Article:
Savannah Book Summary and Study Guide

Detailed plot synopsis reviews of Savannah

Sherman's march to Savannah Georgia in the winter of 1864 is all but devastating, but certain people can bring out the best in a bad situation. The year is 1864 and General Sherman's army is on his grand campaign “The March to the Sea”, where his army is living off the land and destroying everything in it's path. Savannah is the jewel of the South and the city is all but defenseless since the Battle of Atlanta nearly decimated the remanding Confederate forces. All that is left in Savannah are women and children left to the mercy of the Union Army.
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The entire fate of the city will fall into the hands of some unlikely people such as widows, slaves and poor people. These people will unite in a bond that may just spare the city of Savannah from being burned to the ground. The book focuses on how times of sorrows can lead to the inexplicit joy.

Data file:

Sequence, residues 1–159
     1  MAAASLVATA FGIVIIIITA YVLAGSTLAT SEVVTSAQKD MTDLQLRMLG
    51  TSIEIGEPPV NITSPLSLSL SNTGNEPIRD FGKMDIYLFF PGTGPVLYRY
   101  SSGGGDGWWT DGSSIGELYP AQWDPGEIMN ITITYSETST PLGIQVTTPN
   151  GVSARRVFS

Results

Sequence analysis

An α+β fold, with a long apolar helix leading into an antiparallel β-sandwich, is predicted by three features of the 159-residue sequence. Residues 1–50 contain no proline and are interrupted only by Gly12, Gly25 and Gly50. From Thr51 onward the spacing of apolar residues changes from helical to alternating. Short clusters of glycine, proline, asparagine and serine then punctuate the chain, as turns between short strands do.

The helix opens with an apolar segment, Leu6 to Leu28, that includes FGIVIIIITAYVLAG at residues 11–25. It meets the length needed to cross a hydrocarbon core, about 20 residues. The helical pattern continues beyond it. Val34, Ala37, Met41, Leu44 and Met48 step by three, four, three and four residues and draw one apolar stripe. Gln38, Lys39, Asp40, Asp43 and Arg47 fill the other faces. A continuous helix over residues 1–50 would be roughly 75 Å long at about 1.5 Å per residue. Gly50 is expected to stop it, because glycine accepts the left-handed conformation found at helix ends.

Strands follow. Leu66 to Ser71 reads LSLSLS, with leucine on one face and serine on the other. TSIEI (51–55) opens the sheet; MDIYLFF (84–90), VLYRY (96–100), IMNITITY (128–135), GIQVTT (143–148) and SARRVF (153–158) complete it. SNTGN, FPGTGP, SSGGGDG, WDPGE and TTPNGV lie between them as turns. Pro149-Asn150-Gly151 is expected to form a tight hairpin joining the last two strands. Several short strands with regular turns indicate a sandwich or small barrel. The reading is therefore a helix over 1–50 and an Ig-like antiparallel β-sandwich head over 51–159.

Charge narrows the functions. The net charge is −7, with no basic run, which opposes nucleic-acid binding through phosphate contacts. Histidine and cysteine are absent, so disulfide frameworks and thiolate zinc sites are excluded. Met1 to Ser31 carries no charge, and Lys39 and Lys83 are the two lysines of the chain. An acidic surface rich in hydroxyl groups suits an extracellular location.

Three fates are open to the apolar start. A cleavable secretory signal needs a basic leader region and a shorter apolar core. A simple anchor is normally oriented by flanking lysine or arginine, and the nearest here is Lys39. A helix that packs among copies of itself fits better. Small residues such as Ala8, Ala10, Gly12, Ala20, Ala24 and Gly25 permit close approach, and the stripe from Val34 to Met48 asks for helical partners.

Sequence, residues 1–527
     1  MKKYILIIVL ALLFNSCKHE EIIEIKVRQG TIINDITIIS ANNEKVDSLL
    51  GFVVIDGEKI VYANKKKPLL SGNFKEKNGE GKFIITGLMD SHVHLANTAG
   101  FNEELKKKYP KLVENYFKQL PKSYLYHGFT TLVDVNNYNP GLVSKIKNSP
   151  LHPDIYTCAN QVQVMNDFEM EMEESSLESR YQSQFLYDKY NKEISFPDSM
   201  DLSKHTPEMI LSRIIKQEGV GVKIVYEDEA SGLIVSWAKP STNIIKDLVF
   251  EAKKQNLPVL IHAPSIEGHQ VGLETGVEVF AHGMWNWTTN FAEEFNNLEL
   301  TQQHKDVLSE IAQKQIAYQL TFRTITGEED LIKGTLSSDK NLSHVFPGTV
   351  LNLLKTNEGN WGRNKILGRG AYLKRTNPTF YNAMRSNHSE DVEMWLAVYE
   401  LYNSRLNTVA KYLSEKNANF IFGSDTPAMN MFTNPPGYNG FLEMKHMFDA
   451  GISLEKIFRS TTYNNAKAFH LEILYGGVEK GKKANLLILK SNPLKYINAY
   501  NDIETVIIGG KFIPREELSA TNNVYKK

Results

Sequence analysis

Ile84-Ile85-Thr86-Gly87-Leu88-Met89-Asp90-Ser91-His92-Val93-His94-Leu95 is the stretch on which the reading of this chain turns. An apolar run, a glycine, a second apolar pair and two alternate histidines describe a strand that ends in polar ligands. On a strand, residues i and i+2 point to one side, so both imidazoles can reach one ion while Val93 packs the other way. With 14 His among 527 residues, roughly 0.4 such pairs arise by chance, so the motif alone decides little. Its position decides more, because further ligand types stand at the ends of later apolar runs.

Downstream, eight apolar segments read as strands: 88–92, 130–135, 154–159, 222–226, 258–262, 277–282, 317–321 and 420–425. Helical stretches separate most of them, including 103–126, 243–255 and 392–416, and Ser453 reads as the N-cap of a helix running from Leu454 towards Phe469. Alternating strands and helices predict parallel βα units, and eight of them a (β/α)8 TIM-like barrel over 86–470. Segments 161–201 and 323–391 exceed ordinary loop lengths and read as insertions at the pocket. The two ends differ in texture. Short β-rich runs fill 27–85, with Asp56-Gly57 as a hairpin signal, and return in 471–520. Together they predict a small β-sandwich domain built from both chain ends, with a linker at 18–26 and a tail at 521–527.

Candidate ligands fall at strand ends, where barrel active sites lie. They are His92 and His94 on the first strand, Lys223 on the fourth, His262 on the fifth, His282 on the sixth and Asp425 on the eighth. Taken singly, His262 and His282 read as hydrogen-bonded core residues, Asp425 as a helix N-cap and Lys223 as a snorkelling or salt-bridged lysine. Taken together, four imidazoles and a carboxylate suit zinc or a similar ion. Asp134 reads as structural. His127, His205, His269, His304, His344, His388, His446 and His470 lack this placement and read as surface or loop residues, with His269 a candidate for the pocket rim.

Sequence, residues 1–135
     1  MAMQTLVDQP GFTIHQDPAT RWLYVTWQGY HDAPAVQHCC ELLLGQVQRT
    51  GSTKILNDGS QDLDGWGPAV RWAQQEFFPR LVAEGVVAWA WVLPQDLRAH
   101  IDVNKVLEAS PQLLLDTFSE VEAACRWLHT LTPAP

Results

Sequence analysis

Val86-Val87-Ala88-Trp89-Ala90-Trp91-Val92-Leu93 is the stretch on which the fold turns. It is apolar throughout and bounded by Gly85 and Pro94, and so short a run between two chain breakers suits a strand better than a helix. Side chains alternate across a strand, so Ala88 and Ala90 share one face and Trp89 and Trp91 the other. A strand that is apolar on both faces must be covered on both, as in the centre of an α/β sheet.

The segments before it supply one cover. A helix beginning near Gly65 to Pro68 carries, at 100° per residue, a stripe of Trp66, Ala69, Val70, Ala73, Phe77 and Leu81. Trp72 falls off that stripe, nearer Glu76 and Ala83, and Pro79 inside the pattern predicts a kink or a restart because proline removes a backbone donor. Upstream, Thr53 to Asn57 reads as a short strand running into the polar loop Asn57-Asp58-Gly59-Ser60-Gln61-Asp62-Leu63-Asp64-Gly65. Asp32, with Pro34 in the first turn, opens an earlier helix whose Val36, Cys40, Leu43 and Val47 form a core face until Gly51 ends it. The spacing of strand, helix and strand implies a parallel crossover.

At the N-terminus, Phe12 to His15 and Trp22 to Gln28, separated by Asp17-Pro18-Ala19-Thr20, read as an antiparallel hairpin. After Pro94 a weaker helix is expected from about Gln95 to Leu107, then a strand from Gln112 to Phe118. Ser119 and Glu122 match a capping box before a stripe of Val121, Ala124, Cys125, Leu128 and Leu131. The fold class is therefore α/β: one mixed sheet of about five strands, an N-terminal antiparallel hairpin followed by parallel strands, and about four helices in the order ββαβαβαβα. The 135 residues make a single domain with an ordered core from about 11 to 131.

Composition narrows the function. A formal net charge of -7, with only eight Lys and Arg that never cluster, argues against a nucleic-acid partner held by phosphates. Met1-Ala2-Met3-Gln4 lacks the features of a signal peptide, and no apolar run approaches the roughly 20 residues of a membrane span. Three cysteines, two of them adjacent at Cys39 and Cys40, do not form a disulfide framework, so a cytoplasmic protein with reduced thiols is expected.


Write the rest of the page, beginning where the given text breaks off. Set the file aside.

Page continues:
Best part of story, including ending: Shows that their is hope even during times of great suffering.

Best scene in story: Christmas day in Savannah Georgia in 1864.

Opinion about the main character: No real main characters, but a mix of many which makes the story very interesting and inspiring.

The review of this Book prepared by Silas Brunk a Level 4 Yellow-Headed Blackbird scholar

Chapter Analysis of Savannah

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Plot & Themes

Composition of Book descript. of violence and chases 40%Planning/preparing, gather info, debate puzzles/motives 40%Feelings, relationships, character bio/development 10%How society works & physical descript. (people, objects, places) 10% Tone of story    -   suspenseful (sophisticated fear) Time/era of story:    -   1600-1899 War Thriller    -   Yes Armed Forces:    -   Civilian resistance Specific to    -   Civil War Kid or adult book?    -   Adult or Young Adult Book

Main Character

Gender    -   Male Profession/status:    -   infantry soldier Ethnicity/Race    -   White/American


United States    -   Yes The US:    -   Deep South

Writing Style

Accounts of torture and death?    -   moderately detailed references to deaths Amount of dialog    -   mostly dialog

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John Jakes Books Note: the views expressed here are only those of the reviewer(s).
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